Subscriber Newsletter #03

Will Buckingham
Will Buckingham
Subscriber Newsletter #03

Sufi tales, site updates, and more on forthcoming courses at LookingforWisdom.com.

What's New?

How Plato Played Aristotle: A Medieval Tale

Image of Plato and sleeping animals.
Madhu Khanazad (attr.) Plato charming the wild animals with music, Khamsa of Nizami, Mughal, 1595 -6, f.208, British Library. Public Domain via Wikimedia Commons.

If you haven't yet read my recent blog post with a translation of a Persian Sufi tale from the Khamsa of Nizami, published in the early 13th century, then head on over there now. It is a lovely story about how Plato played Aristotle, about how the music of the spheres charmed the beasts of the field, and about the dangers of partially-learned magic.

As the site grows, there will be more content to read and navigate through. So I've now integrated a search into the site. You can see it in action below. All you need to do is click 'search' on the menu, and a search box will pop up. You will get live results with links to the relevant articles.

Image of the Looking for Wisdom site search.

I'm still beta-testing the search, so let me know if there are any glitches.

Philosopher Files ahoy!

Over the last few weeks, I've been hard at work on writing and research for the next few months' worth of Philosopher Files. I've pretty much got something scheduled every Thursday until 2022, and there are some fascinating thinkers lined up.

My approach in the Philosopher Files is roughly chronological, so by the end of 2021, we'll still be exploring thinkers in the ancient world (with a few wild cards thrown in for fun). I want to keep the focus as broad as possible, so if you have a favourite ancient philosopher whom you think should be included, let me know by replying to this newsletter.

I'm planning to feature as many non-European and/or non-male philosophers as I can, in the interests of making the range of voices broader and more interesting. Let me know your favourite philosophers, the unacknowledged thinkers you love, the sages who have been sidelined by history, and I'll see if I can weave them in.


Courses launching in January

Medieval image of a school-room.
William of Nottingham Lecturing, c. 1350. Public Domain via Wikimedia Commons.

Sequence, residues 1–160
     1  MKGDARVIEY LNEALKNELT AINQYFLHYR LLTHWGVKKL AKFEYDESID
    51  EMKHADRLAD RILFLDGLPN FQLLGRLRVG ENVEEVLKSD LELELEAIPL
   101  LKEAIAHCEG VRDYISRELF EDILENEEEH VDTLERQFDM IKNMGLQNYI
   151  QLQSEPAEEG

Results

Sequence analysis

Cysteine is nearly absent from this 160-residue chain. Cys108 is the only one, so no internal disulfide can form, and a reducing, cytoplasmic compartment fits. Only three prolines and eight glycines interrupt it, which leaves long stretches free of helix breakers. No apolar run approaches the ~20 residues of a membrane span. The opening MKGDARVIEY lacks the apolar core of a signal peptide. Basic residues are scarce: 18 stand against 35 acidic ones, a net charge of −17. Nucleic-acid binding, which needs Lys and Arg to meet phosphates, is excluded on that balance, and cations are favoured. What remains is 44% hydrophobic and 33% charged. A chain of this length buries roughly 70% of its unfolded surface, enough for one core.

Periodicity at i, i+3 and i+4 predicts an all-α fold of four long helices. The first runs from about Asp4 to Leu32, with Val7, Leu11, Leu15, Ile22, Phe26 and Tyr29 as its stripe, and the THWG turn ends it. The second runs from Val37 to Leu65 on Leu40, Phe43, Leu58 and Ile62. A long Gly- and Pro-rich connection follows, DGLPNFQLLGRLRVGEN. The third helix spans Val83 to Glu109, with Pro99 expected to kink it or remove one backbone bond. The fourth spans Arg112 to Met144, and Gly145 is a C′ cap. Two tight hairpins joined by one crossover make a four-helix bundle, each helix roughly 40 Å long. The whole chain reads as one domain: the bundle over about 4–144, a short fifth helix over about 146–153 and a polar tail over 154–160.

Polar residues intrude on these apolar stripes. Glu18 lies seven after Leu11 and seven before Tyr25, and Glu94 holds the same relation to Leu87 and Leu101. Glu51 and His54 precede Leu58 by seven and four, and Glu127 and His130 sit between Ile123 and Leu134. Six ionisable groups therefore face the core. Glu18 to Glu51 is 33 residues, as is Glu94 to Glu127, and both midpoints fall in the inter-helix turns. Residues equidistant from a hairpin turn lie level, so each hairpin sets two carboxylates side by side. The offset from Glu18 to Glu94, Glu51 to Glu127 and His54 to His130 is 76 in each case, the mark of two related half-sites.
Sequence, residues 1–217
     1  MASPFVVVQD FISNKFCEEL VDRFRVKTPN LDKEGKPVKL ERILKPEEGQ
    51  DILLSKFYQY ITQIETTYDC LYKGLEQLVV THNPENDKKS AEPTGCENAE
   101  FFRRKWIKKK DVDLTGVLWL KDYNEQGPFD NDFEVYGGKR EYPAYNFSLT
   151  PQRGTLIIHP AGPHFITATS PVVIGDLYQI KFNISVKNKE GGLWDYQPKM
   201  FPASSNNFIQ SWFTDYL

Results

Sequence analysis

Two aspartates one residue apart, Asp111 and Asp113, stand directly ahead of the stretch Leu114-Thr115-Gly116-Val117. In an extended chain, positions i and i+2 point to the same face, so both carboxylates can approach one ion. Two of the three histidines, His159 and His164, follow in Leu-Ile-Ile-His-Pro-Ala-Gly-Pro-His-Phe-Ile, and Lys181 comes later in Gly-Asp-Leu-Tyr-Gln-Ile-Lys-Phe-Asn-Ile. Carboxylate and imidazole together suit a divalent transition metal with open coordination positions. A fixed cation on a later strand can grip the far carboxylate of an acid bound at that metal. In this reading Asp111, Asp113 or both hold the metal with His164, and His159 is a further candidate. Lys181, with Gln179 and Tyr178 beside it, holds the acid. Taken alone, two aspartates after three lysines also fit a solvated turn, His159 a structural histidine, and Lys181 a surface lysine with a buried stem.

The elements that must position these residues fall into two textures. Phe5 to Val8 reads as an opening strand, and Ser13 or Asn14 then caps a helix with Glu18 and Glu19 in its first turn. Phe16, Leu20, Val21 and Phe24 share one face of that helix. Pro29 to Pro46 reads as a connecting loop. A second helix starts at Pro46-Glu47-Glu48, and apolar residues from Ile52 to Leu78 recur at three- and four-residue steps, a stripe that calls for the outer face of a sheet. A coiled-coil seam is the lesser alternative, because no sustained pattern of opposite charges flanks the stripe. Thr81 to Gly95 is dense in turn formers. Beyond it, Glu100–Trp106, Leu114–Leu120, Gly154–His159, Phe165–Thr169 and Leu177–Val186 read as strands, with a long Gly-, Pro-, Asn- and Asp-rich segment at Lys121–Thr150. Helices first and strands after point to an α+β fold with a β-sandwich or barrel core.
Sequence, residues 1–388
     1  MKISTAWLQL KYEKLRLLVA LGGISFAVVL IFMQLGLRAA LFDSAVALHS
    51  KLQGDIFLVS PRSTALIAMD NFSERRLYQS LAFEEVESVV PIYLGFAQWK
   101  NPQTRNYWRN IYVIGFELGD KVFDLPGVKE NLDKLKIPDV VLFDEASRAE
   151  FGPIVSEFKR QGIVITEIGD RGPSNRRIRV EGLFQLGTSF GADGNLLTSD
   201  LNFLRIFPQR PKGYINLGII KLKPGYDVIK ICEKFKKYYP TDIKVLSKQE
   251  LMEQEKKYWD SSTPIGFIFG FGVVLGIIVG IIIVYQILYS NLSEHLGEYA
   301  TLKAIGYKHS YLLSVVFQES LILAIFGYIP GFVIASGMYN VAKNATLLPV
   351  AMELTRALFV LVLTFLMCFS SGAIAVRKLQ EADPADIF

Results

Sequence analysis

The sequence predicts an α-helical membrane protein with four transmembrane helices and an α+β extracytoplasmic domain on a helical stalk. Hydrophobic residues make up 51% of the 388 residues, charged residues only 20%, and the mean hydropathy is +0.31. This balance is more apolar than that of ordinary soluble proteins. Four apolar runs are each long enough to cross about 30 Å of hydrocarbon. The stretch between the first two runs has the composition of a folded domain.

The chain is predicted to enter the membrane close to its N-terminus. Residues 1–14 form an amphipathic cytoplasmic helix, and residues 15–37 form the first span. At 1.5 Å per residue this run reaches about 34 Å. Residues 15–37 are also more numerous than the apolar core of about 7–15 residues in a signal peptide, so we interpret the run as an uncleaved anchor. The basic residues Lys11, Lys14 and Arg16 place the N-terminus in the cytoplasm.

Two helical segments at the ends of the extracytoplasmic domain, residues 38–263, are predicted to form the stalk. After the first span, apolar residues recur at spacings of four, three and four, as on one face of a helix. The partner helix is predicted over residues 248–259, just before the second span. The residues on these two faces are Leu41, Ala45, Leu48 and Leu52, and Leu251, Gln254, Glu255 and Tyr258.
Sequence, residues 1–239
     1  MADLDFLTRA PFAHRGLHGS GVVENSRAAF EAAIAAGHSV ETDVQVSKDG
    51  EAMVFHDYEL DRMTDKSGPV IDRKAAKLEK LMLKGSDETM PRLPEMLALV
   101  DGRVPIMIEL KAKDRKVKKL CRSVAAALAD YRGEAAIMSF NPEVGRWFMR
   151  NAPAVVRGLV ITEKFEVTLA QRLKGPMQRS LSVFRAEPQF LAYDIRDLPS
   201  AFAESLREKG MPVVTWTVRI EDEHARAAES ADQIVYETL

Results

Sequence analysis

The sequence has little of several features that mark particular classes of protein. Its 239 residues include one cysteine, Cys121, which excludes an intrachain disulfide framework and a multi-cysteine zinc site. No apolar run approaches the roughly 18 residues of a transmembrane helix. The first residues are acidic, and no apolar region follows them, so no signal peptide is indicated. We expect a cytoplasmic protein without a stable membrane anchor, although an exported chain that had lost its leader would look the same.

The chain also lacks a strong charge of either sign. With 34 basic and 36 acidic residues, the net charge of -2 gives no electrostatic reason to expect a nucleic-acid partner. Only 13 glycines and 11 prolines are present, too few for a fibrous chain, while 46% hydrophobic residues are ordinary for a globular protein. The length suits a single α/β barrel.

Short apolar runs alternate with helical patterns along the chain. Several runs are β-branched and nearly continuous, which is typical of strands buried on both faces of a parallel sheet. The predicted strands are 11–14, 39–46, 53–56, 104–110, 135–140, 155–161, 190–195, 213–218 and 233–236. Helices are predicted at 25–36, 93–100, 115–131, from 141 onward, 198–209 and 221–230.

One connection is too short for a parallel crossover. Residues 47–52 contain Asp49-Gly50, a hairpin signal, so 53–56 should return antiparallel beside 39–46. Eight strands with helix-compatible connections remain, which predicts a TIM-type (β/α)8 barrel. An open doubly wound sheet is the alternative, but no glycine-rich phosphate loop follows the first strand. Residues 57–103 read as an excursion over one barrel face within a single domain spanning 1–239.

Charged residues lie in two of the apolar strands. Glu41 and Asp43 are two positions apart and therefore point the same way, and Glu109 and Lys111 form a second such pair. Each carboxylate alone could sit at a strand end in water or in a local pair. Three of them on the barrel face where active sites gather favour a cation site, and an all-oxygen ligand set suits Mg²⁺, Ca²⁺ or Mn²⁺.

I'm busy writing the very first Looking for Wisdom intensive course, which will run in January and February 2021. The topic of the first course will be philosophy and wisdom. On the menu are some of the following: ideas of wisdom from across different philosophical traditions; what it means to think wisely and to act wisely; the limits of wisdom; reason and emotion; wisdom's opposite, or foolhardiness; how we might cultivate wisdom; and finally, whether wisdom is really all it is cracked up to be.

There will be six seven-week courses in 2021. Here are the topics.

  • Wisdom (January – February 2021)
  • Love (March – April 2021)
  • Work (May – June 2021)
  • Home (July – August 2021)
  • Friendship (September – October 2021)
  • Strangers (November – December 2021)

The cost for a year of philosophy courses is $108 or £80 (that's $12 a month, and breaks down to an average of $2.57 a class). There will be weekly email classes, further readings, and a friendly study group for talking through the issues in the class. You can sign up via Stripe (or if you are allergic to online payments, send me a message on [email protected], and I can sort you out).


Stuck for Christmas?

Christmas painting.
Christmas, by József Rippl- Rónai (1910. Public Domain via Wikimedia Commons.

If you're looking for a last-minute present for any tricky relatives, then how about signing them up for a year's subscription at Looking for Wisdom? Just send me details of the following, I'll be in touch to sort out payment, and then I'll get them signed up:

  • Name of the person signing up.
  • Their email address.
  • Any Christmas greetings you want me to send.
  • Which  course you want to start with (see the list on the about page).

Image: Josef Engelhart  (1864–1941), Im Gartenrestaurant (1893), Public Domain via Wikimedia Commons.



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